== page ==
Gymnothorax griseus

Family : Muraenidae

 

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Text © Giuseppe Mazza

 

 

English translation by Mario Beltramini

 

 

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Gymnothorax griseus is a symultaneous hermaphrodite moray present in the Indian Ocean and Red Sea © Mazza

The Grey moray ( Gymnothorax griseus - Lacépède, 1803 ) belongs to the class of Actinopterygii, the ray-finned fishes, to the order of Anguilliformes and to the family of Muraenidae.

The name of the genus Gymnothorax comes from the Greek “gymnos” = naked and from the Latin “thorax” = thorax; in fact, a fish with bare thorax, seen that it is scaleless

The name of the species griseus = grey in Latin, refers to its colour.

Zoogeography

It lives in the tropical waters of the western Indian Ocean. Indicatively, we find it from South Africa and Madagascar up to the Red Sea and the Arabian Sea, the Réunion islands, Mauritius, Seychelles and Chagos.

Ecology-Habitat

It lives in little deep waters up to a maximum of 40 m.

Morpho-physiology

Harmless for humans, it does not exceed the 65 cm. The dorsal, caudal and anal fins are merged to form a showy cutaneous crest on the back, which then continues, lower, along the tail up to the anus. As customary among the morays, the pectoral fins and the ventral one are absent. The serpentiform body has no scales and is covered by slippery mucus which protects it from the ectoparasites and allows it to slip into the crevices of the rocks and under the madrepores. The branchial openings are reduced to two simple holes on the neck.

The eyesight is modest, compensated by a perfect sense of smell thanks to two fore nostrils and two rear ones. The first, as usual at the extremity of the snout, have the shape of a small tube and point down; the second, just visible at the level of the eyes, look on the contrary upwards. This is a way for finding the preys even at dusk, when this species gets out for hunting.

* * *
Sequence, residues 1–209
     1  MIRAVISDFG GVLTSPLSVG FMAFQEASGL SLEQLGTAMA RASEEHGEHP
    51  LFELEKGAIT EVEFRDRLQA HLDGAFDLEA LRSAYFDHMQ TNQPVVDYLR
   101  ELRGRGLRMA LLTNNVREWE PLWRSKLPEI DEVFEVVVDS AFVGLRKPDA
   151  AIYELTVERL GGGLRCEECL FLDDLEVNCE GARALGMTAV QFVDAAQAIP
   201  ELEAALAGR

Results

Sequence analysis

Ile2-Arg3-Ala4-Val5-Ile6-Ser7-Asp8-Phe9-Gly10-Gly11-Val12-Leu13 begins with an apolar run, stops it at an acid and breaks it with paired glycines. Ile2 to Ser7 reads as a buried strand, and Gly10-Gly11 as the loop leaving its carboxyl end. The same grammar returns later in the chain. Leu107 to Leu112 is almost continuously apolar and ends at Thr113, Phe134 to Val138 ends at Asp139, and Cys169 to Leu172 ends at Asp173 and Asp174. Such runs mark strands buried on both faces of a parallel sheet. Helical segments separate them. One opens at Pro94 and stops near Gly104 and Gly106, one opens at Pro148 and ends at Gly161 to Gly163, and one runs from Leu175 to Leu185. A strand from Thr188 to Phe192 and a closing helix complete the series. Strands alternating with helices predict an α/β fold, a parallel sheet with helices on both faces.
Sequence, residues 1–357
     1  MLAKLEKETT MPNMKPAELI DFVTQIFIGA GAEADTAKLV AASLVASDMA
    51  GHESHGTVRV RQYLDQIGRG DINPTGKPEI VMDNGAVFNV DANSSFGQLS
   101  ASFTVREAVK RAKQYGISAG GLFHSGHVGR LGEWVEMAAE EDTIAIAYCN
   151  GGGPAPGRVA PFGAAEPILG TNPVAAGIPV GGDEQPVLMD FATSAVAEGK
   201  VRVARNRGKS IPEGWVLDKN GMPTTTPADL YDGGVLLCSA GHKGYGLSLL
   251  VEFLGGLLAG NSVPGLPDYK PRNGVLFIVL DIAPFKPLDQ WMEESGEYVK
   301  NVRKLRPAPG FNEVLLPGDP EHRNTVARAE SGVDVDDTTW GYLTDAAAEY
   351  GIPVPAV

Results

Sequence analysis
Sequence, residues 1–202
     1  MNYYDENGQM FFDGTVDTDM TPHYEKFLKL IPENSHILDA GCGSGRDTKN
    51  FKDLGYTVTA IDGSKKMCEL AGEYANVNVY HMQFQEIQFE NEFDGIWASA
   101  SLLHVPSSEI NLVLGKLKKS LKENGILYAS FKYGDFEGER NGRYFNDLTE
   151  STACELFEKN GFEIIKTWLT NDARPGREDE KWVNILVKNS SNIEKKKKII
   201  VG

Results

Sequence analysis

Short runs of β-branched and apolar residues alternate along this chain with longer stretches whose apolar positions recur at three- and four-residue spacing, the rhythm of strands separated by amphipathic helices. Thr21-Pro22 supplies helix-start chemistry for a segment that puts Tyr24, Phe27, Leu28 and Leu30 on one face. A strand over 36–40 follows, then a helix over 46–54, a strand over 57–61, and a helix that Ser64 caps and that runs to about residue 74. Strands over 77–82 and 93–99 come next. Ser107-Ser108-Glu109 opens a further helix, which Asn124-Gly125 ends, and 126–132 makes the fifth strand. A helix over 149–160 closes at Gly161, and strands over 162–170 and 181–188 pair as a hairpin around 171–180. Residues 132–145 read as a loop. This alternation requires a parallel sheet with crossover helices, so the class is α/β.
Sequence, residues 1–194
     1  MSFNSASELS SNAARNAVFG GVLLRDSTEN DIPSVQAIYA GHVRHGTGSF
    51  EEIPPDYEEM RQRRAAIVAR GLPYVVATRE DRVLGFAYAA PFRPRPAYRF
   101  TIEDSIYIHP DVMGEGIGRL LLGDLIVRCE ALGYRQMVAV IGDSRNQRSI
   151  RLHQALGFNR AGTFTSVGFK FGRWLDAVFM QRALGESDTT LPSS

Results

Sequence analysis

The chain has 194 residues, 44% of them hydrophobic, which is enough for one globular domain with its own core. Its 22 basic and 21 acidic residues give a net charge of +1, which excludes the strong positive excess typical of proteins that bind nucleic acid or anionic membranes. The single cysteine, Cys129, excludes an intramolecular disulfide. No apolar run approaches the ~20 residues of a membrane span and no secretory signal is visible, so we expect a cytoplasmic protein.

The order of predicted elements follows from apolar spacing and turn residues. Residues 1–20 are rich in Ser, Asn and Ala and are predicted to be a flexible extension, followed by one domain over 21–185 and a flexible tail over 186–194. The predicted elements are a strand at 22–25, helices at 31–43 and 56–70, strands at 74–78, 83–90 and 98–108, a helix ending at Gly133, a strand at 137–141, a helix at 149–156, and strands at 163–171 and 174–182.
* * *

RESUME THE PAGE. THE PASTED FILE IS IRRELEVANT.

The mouth, big if compared to the head, shows two rows of conical teeth on the upper jaw and only one row on the lower one. Also the palate is armed, with two longer teeth for holding the preys.

The background colour, pale lilac grey, shows at times light marbled drawings with brown hues. On the head we note some typical black dots lined following a precise scheme which has granted it the French name of “Murène tatouée”, that is, of tattooed moray.

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Its vision is modest, replaced by a perfect smell thanks to its two fore and rear nostrils. Doesn’t surpass 65 cm and is little endangered if compared to other morays © Giuseppe Mazza

Ethology-Reproductive Biology

The grey moray nourishes of small fishes and crustaceans that swallows whole, like the serpents, seen that it doesn’t have teeth suitable for the mastication.

It is a simultaneous hermaphrodite species, which means that every individual may behave, depending on the cases, as male or female. The eggs are pelagic and the larvae, called leptocephali, transparent, shaped like a leaf of willow, have very small head. This is a character of primitivity in the evolution of the fishes typical of the Anguilliformes. The juveniles often do live together in the same den.

Less at risk than the other morays, it has a vulnerability level of 41 on a scale of 100, with populations which, if necessary, may double in 1,4-4,4 years.

Synonyms

Muraenophis grisea - Lacépède, 1803; Siderea grisea - Lacépède, 1803; Siderea schonlandi - Smith, 1949.

 

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The photographic file of Giuseppe Mazza

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